Hostname: page-component-5d59c44645-klj7v Total loading time: 0 Render date: 2024-03-01T11:23:26.652Z Has data issue: false hasContentIssue false

Same-Sex Marriage and the 2004 Presidential Election

Published online by Cambridge University Press:  10 May 2005

Gregory B. Lewis
Affiliation:
Georgia State University

Extract

Immediately after the 2004 election, with overwhelming majorities in 13 states voting to amend their constitutions to ban same-sex marriage and exit polls showing large numbers saying “moral values” were the most important determinant of their vote, many analysts emphasized religious and cultural divides in the electorate and the importance of the religious right and same-sex marriage in motivating President George W. Bush's base to get out and vote (e.g., Chinni 2004; Cooperman and Edsall 2004; Dao 2004; Manly 2004; McGough 2004; Testa 2004). With more analysis, the consensus seems to have shifted to an emphasis on incumbency, terrorism, and perceptions of character. Both voter turnout and support for Bush rose across a wide array of groups; evangelical Protestants and voters in states with same-sex marriage amendments on the ballot did not disproportionately increase their numbers or their preference for Bush; white women, married women, and Latinos may have played a bigger role in the shift toward Bush (e.g., Abramowitz 2004; Burden 2004; Freedman 2004; Nordhaus 2004; Sherrill 2004; Signorile 2004).

Type
Symposium
Copyright
© 2005 by the American Political Science Association

Access options

Get access to the full version of this content by using one of the access options below. (Log in options will check for institutional or personal access. Content may require purchase if you do not have access.)

References

Abramowitz Alan. 2004. “Terrorism, Gay Marriage, and Incumbency: Explaining the Republican Victory in the 2004 Presidential Election.” The Forum 2 (4): Article 3. http://www.bepress.com/forum/vol2/iss4/art3.Google Scholar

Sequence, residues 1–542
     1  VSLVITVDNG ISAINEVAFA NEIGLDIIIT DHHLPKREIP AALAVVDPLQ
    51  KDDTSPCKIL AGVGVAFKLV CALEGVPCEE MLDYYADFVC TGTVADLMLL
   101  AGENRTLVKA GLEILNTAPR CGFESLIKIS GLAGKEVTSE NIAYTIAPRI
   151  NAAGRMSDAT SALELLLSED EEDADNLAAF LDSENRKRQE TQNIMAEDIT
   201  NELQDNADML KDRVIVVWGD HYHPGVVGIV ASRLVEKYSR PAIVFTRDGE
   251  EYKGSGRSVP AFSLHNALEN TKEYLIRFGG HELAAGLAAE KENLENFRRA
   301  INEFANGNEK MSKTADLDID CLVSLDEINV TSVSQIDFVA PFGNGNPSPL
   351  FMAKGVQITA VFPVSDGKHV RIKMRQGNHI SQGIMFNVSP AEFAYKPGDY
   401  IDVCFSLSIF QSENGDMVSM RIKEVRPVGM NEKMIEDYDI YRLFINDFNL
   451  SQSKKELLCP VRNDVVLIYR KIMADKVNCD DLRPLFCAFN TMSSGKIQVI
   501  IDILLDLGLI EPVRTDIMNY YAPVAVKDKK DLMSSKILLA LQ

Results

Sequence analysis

Burden Barry C. 2004. “An Alternative Account of the 2004 Presidential Election.” The Forum 2 (4): Article 2. http://www.bepress.com/forum/vol2/iss4/art2.Google Scholar
Chinni Dante. 2004. “Is the Post-Election Red Tinge a Mandate? Don't Bet on It,” Christian Science Monitor, November 4, 9.Google Scholar
Dao James. 2004. “Same-Sex Marriage Issue Key to Some GOP Races,” New York Times, November 4, 4.Google Scholar
Freedman Paul. 2004. “The Gay Marriage Myth: Terrorism, Not Values, Drove Bush's Re-election,” Slate, November 5. http://www.slate.com/id/2109275/.Google Scholar
Long J. Scott, and Jeremy Freese. 2001. Regression Models for Categorical Dependent Variables Using Stata. College Station, TX: Stata Corporation.Google Scholar
Los Angeles Times. 2004. Poll # 2004–501: Presidential Politics/Corporate Scandals/Gay Issues. March 2730.Google Scholar
Manly Howard. 2004. “In the End, It Was the Bible, Stupid,” Boston Herald, November 4, 55.Google Scholar
McGough Michael. 2004. “Election Shows Split on Cultural Lines,” Pittsburgh Post-Gazette, November 4, A1.Google Scholar
Nordhaus William. 2005. “The Profile of an Election, 2004: Outcomes and Fundamentals,” The Economists' Voice 2 (2): Article 3. http://www.bepress.com/ev/vol2/iss2/art3.Google Scholar
Sherrill Kenneth. 2004. “Same-Sex Marriage, Civil Unions, and the 2004 Presidential Election.” National Gay and Lesbian Task Force.Google Scholar
Signorile Michelangelo. 2004. “Don't Blame the Gays: Why the ‘Moral Values’ Story Plays Right into the GOP's Hands,” New York Press, November 10, 17. http://www.nypress.com/17/45/news&columns/signorile.cfm.Google Scholar
Testa Karen. 2004. “A Year After Ruling, Nation Remains Divided over Gay Marriage,” Boston Globe, November 12.Google Scholar
Vennochi Joan. 2004. “Was Gay Marriage Kerry's Undoing?Boston Globe, November 4, A15.Google Scholar
Wooldridge Jeffrey M. 2003. Introductory Econometrics: A Modern Approach, 2d edition. Cincinnati, OH: South-Western College.Google Scholar
Wright Gerald C., Jr., Robert S. Erickson, and John P. McIver. 1985. “Measuring State Partisanship and Ideology with Survey Data.” Journal of Politics 47: 46989.Google Scholar
Wright Gerald C., Jr., John P. McIver, Robert S. Erickson, and David B. Holian. 2000. “Stability and Change in State Electorates, Carter through Clinton.” Presented at the annual meeting of the Midwest Political Science Association, Chicago.Google Scholar
U.S. Department of Labor, Bureau of Labor Statistics, “Local Area Unemployment Statistics,” http://www.bls.gov/lau/home.htm#tables. Accessed January 20, 2005.Google Scholar